Friday, January 19, 2018

Signs the economy is bad: January 19, 2018 edition

Welcome to another edition of "Signs the Economy is Bad" here at The Itinerant Librarian. This is the semi-regular (as in when I have time and/or feel like doing it) feature where I scour the Internet in search of the oh so subtle hints that the economy is bad. Sure, pundits may say things are getting better, but what do they know? And to show not all is bad, once in a while we look at how good the uber rich have it.

This is the first edition for 2018. I thought I could go easy on this feature, but the Bad Economy just keeps chugging along. The Pendejo In Chief and the Party of Stupid certainly do not help the economy, but hey, it is what Americans (US people) proudly, willingly, and gladly voted for. So, let's see what has been going on recently.

Special section this week: Pendejo In Chief news:

Let's see how the Pendejo In Chief has been fucking shit up in the Bad Economy:

In higher education news of the Bad Economy. These are via Inside Higher Ed.:

In other news of the Bad Economy:
  • In Kentucky, local politicians mention the "War on Coal," and the masses get riled up. But the reality is that coal is in decline, and it will continue to decline over time. The federal government states as much. It really is time for people to get a clue, and among other things start retraining workers displaced by closing mines and making plans in other forms of energy. Hat tip to The Rural Blog.
  • Speaking of Kentucky, one of the local "scandals" to decent people is how the state continues to give tax breaks for film, movie, television, and commercials productions, including crappy films, to the tune of $160 million or so while the state overall has a serious budget shortfall. Because priorities, man. Story via The Lexington Herald Leader.
  • ProPublica took a serious look at the business of private trash collection and finds it to be deadly, especially in New York City.
  • In the United States overall, the bill for natural disasters, which have been specially harsh in 2017, is up to about $300 billion in a single year. But you know, that whole climate change stuff? No big deal, meh. Story via The Guardian.
  • Meanwhile, south of the border in Latin America, after making gains for years, poverty in Latin America is on the rise. Story via TeleSur. 
  • If you want proof that Big Pharma really has no interest in curing anything, but rather in just  making enough medications to keep treating something on and on (and thus fleecing more money), Pfizer just recently said they are halting research on Alzheimer's and Parkinson's treatments. There is no money in that kind of stuff, and those old people are doing to croak soon anyhow (or so they hope). Story via NPR.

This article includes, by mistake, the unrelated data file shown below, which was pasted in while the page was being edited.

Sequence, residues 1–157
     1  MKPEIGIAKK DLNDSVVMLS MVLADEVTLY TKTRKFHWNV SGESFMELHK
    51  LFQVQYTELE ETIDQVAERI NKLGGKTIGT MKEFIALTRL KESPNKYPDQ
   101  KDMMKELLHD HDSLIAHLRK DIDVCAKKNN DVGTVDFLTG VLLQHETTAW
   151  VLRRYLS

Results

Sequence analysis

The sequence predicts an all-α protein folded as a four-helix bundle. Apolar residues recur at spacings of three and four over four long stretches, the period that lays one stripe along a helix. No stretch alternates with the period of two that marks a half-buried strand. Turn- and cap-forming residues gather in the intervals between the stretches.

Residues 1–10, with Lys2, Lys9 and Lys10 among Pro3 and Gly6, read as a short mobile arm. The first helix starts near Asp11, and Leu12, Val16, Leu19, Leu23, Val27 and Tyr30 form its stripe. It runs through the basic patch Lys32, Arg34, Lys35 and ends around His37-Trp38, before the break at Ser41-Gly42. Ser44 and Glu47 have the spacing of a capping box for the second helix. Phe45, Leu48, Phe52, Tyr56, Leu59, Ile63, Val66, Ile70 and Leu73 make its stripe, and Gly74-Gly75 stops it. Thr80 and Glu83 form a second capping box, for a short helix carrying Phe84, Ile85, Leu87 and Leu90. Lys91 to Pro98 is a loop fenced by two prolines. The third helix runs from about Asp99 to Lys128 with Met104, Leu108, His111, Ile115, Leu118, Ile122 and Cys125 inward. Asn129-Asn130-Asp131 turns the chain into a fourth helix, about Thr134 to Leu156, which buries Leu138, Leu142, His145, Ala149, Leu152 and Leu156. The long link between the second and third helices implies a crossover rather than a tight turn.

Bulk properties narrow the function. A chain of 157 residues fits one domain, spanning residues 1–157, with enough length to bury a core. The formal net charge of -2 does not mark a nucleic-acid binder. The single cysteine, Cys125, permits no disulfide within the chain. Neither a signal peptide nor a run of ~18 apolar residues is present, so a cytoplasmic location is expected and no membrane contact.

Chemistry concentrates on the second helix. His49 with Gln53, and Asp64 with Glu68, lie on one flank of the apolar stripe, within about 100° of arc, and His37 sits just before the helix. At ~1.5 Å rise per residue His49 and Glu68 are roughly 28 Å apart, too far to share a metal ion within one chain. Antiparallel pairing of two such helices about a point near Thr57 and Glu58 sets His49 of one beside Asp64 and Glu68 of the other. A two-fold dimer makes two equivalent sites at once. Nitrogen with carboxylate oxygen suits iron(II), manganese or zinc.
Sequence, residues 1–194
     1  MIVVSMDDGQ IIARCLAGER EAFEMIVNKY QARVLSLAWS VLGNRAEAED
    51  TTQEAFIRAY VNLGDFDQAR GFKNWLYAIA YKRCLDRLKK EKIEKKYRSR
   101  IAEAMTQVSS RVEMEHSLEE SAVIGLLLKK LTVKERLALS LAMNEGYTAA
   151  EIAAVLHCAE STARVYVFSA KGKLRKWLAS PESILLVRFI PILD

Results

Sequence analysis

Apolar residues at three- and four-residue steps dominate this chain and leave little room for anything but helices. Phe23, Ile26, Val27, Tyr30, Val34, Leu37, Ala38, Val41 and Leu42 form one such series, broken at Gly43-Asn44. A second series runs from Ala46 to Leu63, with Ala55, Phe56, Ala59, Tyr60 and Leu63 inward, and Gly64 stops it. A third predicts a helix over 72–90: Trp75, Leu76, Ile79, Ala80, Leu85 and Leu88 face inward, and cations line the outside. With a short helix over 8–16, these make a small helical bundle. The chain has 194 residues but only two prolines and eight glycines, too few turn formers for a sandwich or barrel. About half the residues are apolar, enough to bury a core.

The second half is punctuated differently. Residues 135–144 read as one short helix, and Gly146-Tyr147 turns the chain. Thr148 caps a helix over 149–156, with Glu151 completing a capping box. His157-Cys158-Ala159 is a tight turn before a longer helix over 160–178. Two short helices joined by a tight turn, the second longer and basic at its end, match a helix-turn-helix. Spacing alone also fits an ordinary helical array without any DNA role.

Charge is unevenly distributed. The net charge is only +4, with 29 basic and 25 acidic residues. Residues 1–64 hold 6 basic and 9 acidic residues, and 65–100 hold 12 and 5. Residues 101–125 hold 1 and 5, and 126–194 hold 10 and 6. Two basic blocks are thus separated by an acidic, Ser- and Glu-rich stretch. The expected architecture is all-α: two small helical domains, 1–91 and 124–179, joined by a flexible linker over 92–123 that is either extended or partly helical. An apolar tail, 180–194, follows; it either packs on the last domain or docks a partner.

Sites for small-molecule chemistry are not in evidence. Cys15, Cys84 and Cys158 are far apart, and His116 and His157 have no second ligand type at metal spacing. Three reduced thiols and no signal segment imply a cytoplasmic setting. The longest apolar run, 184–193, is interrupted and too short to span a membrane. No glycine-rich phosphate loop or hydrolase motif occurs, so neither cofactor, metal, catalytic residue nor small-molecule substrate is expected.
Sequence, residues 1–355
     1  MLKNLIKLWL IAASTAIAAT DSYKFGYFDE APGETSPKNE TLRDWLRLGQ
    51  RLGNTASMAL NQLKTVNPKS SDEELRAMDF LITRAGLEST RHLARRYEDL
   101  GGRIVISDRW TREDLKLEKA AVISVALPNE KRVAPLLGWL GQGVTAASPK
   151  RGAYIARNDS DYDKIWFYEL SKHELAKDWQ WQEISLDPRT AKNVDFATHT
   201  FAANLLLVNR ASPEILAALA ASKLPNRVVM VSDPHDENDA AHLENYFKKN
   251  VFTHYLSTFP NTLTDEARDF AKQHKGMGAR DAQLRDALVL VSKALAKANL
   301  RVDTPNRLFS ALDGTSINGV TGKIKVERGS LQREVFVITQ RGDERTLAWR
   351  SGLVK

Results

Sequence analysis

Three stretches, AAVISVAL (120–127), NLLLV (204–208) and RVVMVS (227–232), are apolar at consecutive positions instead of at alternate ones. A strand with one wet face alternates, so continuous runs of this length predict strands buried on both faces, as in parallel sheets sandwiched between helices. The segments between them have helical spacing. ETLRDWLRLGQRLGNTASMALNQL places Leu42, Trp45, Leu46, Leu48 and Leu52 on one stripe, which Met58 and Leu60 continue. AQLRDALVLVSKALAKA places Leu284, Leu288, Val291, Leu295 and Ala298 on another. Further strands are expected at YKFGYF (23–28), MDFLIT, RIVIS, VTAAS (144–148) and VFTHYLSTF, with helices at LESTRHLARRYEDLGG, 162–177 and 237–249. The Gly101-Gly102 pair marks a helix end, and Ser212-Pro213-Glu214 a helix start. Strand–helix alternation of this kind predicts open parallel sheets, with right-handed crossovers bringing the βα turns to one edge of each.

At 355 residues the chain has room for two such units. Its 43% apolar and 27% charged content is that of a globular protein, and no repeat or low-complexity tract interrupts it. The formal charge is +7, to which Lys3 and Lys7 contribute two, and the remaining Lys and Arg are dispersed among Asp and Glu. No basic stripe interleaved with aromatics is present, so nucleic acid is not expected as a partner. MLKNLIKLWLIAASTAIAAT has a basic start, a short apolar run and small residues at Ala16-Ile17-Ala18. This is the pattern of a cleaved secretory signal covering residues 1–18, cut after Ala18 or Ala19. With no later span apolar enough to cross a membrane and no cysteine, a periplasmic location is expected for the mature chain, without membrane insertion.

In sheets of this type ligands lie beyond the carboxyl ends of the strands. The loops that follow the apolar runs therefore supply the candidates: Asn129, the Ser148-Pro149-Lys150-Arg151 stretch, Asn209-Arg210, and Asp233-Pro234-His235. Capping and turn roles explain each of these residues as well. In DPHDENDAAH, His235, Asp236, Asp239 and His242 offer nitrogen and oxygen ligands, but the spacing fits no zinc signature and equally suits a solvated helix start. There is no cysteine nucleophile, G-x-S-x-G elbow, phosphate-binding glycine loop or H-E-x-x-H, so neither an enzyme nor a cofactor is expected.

• So, you thought that prison scene (link to YouTube) in the movie Goodfellas was total fiction? It turns out that in the U.S., prisoners with money CAN pay for better accommodations in  prison. Story via AlterNet.
  • In rural areas, turns out it is getting harder for farmers to sell their farms to the next generation. Via The Daily Yonder.
  • Even in the narco trade, getting paid is getting harder, so drug debts are a part of life, and this means the violence to collect those debts has gone up too. Story via VICE.
  • A lot of business are going cashless, as in they do not take cash for transactions because they expect you to have a debit or credit card. Now, call me a Luddite, but I think  anyone not carrying at least a small amount of cash is a fool. Because, you know, Internet goes down, power goes out, so on, and suddenly you can't buy something nor can the business sell you something you may need because they decided to go cashless. And do not even get me started on all the hacks going on since said businesses are basically irresponsible assholes who can't secure their customers' information. Story via NPR. 
  • Weddings can be expensive. It is an idea the Better Half and I do not understand, since we did ours very modestly, but we hear people spend thousands and thousands on weddings. So, money gets tight later in the marriage, and couples need to recoup costs somehow. One way now is to sell your gently used wedding items to another couple getting ready for a wedding. Story via AlterNet
  • If you happen to be an attractive woman, and you are willing, you can be a sugar baby to a sugar daddy. However, you can't go just anywhere to find a sugar daddy. Here are the top 5 cities if you are seeking that kind of arrangement to help pay your college tuition or whatever it  is you may need money for. Via FHM magazine.

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